Lukashenko to restrict Russian presence in Belarus’ economy
Belarusian President Alexander Lukashenko has dismissed statements on Belarus’ unwillingness to implement integration projects with Russia as nonsense.
He made this statement at a meeting with Yaroslavl Oblast Governor Sergei Yastrebov on January 30th. The tension between official Minsk and the Kremlin over the privatisation of Belarusian state property is growing. Privatisation is a condition for signing off a six-month Russian-Belarusian oil balance. The president is wary of the increased Russian presence in Belarus’ economy ahead of the presidential campaign. Lukashenko wants to reduce pressure from the Kremlin by using his long-standing contacts and connections in the Russian regions. In the coming year, Belarus’ government will do its utmost to restrict Russian business from penetrating the Belarusian economy, as it fears that the Kremlin might interfere with the 2015 presidential election.
President Lukashenka continues to rotate staff and rejuvenate heads of departments and universities following new appointments in regional administrations. Apparently, new Information Minister Karliukevich could somewhat relax the state policy towards the independent media and introduce technological solutions for retaining control over Belarus’ information space. New rectors could strengthen the trend for soft Belarusization in the regions and tighten the disciplinary and ideological control over the student movement in the capital.
President Lukashenka has appointed new ministers of culture and information, the new rector of the Belarusian State University and heads of three universities, assistants in the Minsk and Vitebsk regions.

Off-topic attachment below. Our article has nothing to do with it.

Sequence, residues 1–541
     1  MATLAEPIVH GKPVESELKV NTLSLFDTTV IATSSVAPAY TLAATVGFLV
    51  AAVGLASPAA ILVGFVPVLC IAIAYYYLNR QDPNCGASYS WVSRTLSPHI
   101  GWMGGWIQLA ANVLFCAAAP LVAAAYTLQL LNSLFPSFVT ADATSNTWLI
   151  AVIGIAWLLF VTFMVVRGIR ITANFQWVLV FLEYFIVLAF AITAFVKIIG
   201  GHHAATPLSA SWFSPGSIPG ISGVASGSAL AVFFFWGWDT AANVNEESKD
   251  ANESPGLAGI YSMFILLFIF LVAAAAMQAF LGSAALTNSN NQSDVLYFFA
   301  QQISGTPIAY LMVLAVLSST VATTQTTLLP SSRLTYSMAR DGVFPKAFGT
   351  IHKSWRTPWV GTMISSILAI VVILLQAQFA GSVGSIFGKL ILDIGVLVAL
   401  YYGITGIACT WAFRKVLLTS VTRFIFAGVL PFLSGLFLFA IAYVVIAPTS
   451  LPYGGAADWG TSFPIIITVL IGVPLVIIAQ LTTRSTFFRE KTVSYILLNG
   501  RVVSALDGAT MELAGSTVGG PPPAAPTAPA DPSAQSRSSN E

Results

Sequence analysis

The new Information Minister Karliukevich is likely to avoid controversial initiatives similar to those former Minister Ananich was famous for, however, certainly within his capacities. Nevertheless, the appointment of Belarusian-speaking writer Karliukevich could be regarded as the state’s cautious attempt to relax environment in the media field and ensure the sovereignty of national media.
The Belarusian leadership has consolidated the trend for mild Belarusization by appointing a young historian and a ‘reasonable nationalist’, Duk as the rector at the Kuleshov State University in Mogilev. Meanwhile, while choosing the head of the Belarusian State University, the president apparently had in mind the strengthening of the ideological loyalty among the teaching staff and students at the main university in order to keep the youth movement at bay. Previously, Korol was the rector of the Kupala State University in Grodno, where he held purges among the disloyal teaching staff.
The trend for the renewal of mid-ranking executives and their rejuvenation has confirmed. The age of the Culture Minister and three new rectors varies from 39 to 44 years old.